Far From Fluent Making Sense of the Doctrine of Foreign Equivalents

Understanding the trademark law doctrine of foreign equivalents can feel much like an English-language speaker attempting to decipher an article in Welsh: mind-numbing, frustrating, and confounding. This article aspires to be none of those.
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Understanding the trademark law doctrine of foreign equivalents can feel much like an English-language speaker attempting to decipher an article in Welsh: mind-numbing, frustrating, and confounding. This article aspires to be none of those.

This article will begin by showing how the doctrine works in the United States, both in litigation and in proceedings at the United States Patent and Trademark Office (USPTO), with plenty of examples. Then it will dig into the fundamentals of each element, pausing occasionally to wrestle with the doctrine’s assumptions, flaws, and inconsistencies. And it will provide a handy checklist of exceptions that prevent the doctrine from being applied.

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Table of contents

I. Introduction
II. Overview of the Doctrine
A. In General
B. Validity Analysis
i. Basic Principles
ii. Examples and Guidelines
iii. Rationales
C. Confusing Similarity Analysis
i. Basic Principles
ii. Examples and Guidelines
iii. Rationales
III. Nuts and Bolts of the Doctrine
A. Elements of the Doctrine
B. A Guideline, Not a Strict Rule
C. Contains a Foreign Word or Phrase
D. Literal, Direct Translation
i. Exact Equivalents
ii. Evidence of Translation
E. Common, Modern Language
i. Which Languages are Common and Modern, not Obscure and Dead?
ii. Critique and Confusion
a. Debatable Interpretations of Evidence
b. Failure to Meet “Appreciable Number” Standard
c. A Suggestion
F. Ordinary American Purchaser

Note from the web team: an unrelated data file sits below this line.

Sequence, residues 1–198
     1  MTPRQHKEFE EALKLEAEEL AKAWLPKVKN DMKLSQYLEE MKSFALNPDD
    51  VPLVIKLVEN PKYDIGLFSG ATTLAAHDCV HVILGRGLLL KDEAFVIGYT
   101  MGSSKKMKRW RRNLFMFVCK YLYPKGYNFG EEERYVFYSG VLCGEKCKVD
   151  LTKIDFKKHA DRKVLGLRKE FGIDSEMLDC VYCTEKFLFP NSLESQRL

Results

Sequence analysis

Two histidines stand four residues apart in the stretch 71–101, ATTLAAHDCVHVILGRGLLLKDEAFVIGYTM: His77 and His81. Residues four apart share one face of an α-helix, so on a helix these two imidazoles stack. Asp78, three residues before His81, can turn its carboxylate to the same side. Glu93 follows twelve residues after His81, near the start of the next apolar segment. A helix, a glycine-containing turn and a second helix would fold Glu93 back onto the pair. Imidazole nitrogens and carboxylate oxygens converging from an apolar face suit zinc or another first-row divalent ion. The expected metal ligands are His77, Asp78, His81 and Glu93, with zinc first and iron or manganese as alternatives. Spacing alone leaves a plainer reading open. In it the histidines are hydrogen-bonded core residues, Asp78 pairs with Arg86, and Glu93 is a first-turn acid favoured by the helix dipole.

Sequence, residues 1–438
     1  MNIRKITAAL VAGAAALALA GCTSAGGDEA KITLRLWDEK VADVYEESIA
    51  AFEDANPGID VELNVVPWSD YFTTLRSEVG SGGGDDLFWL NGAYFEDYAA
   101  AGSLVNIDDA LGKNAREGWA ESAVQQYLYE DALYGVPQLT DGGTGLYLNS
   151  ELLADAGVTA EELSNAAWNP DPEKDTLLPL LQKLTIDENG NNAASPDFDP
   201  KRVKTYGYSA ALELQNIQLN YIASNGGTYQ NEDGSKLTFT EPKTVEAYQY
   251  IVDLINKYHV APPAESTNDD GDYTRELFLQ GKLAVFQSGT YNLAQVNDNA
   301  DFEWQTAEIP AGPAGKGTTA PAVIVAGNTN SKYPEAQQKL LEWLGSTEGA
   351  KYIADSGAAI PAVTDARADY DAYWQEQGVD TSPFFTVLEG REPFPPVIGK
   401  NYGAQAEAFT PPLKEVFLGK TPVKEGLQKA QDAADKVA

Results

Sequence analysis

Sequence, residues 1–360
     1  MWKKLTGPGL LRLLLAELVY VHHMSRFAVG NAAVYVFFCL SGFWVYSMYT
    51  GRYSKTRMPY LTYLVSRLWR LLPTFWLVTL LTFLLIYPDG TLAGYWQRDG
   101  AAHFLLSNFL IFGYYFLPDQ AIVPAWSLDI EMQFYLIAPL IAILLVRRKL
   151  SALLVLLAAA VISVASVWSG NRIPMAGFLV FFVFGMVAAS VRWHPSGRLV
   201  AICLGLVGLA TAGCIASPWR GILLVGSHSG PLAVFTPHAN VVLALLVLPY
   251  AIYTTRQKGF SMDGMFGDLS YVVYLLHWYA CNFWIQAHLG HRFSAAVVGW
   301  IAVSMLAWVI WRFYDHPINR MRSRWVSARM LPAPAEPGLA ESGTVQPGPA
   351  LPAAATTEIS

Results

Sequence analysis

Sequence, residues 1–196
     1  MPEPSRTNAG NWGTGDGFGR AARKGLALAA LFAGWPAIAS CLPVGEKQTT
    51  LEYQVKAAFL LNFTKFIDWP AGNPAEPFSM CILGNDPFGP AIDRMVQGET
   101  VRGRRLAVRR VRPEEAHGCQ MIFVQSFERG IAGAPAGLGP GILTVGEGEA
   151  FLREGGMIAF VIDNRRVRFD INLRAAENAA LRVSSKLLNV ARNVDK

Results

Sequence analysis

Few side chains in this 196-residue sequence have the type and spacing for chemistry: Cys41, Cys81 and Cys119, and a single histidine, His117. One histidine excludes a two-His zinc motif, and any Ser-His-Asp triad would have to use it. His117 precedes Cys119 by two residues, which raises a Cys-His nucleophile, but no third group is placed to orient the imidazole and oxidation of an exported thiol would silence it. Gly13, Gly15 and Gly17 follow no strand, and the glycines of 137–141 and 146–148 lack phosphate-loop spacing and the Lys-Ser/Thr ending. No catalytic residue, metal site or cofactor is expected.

i. Who is the Ordinary American Purchaser?
a. In General
b. In Cases Where the Mark May be Primarily Geographically Deceptively Misdescriptive
ii. Critique and Confusion
a. Incorrect Standard Quoted in TMEP, Case Law
b. What is the Relevant Group of Ordinary American Purchasers?
c. Must the Relevant Purchaser be Bilingual?
d. Relevance of Foreign Perception
G. “Stop and Translate”
i. When Would Someone “Stop and Translate”?
ii. Critique and Confusion
a. Explanation of Standard Unclear in Case Law
b. “Stop and Translate” is Not Appropriate in Validity Analysis
c. Do Consumers Really Stop . . . And Then Translate?
d. Foreign Terms May Simply Have Different Commercial Impressions than English Terms, Regardless of Translation
IV. Checklist of Exceptions to Applying Doctrine
A. Marketplace Context Suggests Purchasers Would Not Translate Foreign Term
B. Relevant English Translation is Imperfect or Ambiguous
C. Foreign Term is Not Grammatically Correct
D. Foreign Mark is in More Than One Language
E. Foreign Marks Being Compared to Each Other are in Different Languages
F. Foreign Marks Being Compared to Each Other are in the Same Foreign Language
G. Foreign Term Has Become an English Word or is Otherwise Known to English Speakers
H. Foreign Term is a Personal Name or Resembles One
I. Foreign Term and English Term Have Distinct Commercial Impressions
J. Foreign Term is in a Dead or “Highly Obscure” Language
K. Foreign Term is Obscure
L. Foreign Mark Closely Resembles an English Mark or a Descriptive/Generic Term
V. Conclusion